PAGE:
I think what Einstein means is that we need to maintain our curiosity, or in other words the interest towards the things around us. His own curiosity lead to great discoveries such as the general theory of relativity, and this quote implies that we can make discoveries of our own too if we never forget to stop questioning ourselves, “Why?”. It can be about anything, world peace, science, love, friendship, hatred, history, literature or botany. The opposite of curiosity could be defined as “indifference”, and indifference could mean apathy towards our surroundings and life itself, which would make the world a v.e.r.y boring place.

    Like the quote by the great Socrates, “I know nothing except the fact of my ignorance.”, we ought to accept the fact that we are oblivious to the world around us, and need to pursue an answer to things that grab our attention. We don’t necessary need the answer itself, it’s the process of embracing our ignorance and the effort we channel into finding the answer that counts.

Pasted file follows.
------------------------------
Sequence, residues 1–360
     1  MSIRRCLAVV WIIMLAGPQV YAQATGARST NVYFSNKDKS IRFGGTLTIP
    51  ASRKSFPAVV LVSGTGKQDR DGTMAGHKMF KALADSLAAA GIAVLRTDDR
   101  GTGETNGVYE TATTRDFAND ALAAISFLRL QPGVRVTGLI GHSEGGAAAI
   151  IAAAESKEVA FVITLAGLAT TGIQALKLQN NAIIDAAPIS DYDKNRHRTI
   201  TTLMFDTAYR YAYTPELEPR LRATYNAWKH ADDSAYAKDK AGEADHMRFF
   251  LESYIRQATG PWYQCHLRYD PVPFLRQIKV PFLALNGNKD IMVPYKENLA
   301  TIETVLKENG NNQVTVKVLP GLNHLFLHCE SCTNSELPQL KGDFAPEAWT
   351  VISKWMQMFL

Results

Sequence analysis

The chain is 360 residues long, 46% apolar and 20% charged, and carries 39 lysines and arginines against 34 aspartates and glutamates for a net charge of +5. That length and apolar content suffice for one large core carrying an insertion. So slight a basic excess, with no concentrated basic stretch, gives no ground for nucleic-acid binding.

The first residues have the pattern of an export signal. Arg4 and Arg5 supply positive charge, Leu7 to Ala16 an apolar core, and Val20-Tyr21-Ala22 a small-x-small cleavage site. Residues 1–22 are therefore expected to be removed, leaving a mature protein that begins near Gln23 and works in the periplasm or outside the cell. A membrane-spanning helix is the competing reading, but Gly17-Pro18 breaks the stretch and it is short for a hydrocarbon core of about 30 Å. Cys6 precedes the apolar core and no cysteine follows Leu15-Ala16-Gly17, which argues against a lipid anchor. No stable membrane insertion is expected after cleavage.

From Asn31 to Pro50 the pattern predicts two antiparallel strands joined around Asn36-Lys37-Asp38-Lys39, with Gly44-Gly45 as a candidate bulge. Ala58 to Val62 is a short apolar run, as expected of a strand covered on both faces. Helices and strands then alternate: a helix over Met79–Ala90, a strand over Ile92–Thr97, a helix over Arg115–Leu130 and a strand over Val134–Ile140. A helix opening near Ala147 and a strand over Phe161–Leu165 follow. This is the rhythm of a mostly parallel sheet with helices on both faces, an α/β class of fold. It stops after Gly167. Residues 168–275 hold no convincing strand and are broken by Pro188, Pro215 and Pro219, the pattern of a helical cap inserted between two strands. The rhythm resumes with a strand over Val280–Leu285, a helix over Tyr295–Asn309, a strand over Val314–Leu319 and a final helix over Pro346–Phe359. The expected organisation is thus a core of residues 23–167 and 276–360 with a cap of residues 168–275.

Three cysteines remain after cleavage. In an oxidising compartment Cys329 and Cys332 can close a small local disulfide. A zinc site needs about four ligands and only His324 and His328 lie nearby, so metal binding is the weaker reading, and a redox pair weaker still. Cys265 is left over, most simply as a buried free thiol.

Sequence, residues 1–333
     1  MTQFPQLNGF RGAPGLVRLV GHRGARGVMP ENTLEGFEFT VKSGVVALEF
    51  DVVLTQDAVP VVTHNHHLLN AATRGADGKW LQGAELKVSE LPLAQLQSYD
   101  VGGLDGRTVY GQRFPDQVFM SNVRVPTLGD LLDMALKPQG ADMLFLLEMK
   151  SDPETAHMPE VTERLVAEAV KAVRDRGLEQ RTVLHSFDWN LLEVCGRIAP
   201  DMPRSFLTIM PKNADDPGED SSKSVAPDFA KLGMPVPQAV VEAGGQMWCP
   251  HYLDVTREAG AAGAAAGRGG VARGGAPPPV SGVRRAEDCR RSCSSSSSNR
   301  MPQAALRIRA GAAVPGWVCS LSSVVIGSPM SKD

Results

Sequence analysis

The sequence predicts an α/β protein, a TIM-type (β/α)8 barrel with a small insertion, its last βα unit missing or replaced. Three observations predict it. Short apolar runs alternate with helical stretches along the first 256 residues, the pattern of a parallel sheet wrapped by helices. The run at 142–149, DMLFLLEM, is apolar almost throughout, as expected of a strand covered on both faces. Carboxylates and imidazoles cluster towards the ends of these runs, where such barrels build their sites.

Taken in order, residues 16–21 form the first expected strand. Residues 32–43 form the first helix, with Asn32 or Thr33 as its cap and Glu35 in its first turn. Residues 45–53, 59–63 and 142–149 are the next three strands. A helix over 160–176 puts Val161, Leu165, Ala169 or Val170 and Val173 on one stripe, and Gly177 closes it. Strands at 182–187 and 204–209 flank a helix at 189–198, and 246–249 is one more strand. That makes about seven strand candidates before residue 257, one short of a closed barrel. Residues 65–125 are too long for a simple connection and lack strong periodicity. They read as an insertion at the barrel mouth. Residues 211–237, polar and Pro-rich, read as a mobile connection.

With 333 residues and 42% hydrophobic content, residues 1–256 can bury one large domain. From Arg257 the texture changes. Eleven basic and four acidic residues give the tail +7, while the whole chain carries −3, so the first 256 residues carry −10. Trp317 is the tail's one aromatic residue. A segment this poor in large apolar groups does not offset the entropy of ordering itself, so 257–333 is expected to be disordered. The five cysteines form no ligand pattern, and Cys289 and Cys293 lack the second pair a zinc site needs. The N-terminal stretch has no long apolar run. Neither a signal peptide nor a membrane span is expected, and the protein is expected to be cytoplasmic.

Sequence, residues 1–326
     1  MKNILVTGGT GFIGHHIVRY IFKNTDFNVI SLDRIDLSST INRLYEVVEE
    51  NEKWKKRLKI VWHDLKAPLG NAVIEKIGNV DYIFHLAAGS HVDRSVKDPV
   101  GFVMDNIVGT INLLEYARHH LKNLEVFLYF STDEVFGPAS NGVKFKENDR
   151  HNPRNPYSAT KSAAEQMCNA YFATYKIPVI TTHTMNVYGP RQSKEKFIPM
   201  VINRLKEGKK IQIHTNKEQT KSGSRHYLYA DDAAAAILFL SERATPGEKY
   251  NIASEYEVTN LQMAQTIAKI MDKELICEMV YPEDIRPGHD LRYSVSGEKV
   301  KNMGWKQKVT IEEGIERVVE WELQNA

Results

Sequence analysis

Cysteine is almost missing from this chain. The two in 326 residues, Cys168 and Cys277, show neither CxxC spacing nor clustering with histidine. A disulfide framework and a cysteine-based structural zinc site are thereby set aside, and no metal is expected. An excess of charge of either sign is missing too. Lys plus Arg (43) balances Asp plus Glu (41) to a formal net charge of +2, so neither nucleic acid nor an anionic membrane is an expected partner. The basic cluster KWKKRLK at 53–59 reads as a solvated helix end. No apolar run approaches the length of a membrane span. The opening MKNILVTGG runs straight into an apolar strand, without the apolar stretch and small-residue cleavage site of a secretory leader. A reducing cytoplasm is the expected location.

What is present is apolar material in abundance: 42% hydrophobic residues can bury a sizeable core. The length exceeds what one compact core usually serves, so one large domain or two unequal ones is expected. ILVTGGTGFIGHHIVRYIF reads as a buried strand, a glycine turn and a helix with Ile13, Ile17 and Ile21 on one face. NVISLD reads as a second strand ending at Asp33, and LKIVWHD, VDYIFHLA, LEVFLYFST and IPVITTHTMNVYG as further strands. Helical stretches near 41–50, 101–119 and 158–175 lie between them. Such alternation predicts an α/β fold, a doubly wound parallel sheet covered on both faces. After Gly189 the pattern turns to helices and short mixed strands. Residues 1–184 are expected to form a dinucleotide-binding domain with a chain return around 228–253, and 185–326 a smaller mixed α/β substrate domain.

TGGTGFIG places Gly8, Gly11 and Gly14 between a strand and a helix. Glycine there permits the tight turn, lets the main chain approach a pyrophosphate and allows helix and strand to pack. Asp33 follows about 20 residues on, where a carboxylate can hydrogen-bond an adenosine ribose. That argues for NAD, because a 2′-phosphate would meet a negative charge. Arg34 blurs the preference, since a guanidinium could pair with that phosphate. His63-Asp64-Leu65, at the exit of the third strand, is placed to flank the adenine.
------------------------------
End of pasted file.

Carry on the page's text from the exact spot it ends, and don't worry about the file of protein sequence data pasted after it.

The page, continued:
Right now my curiosity is directed at one thing; the end of my homework!!

  2. Wataru Okubo says:

    Hi.
    I was intrigued by 3. “Men become civilized, not in proportion to their willingness to believe, but in their readiness to doubt.” – H. L. Mencken
    It says that the more they are ready to doubt, the more they are civilized. It’s human nature that we tend to believe rather than doubt. The difference between to believe and to doubt is whether one is ready to accept a bad result. When we believe in something, we hope something good will happen and when we doubt something, it means we expect not only something beneficial will happen to us but also something bad or unpredictable will happen. So it’s easy to believe while it takes some discipline and courage to doubt because in many cases it means you’re against the majority or mainstream. And this quote says that is the necessary element to be civilized. I think the civilization can be paraphrased as the moral or development of society and because there has been people who doubted, this morally and technologically developed world exists!
    As I’m being full of doubt now, I’m not sure if this is what he actually meant and even if so I doubt it; the civilized people are by no means better than other people (or whatever they call it)!
    I also think a life without any doubt is the easiest and happiest life and therefore it is the smartest way of living!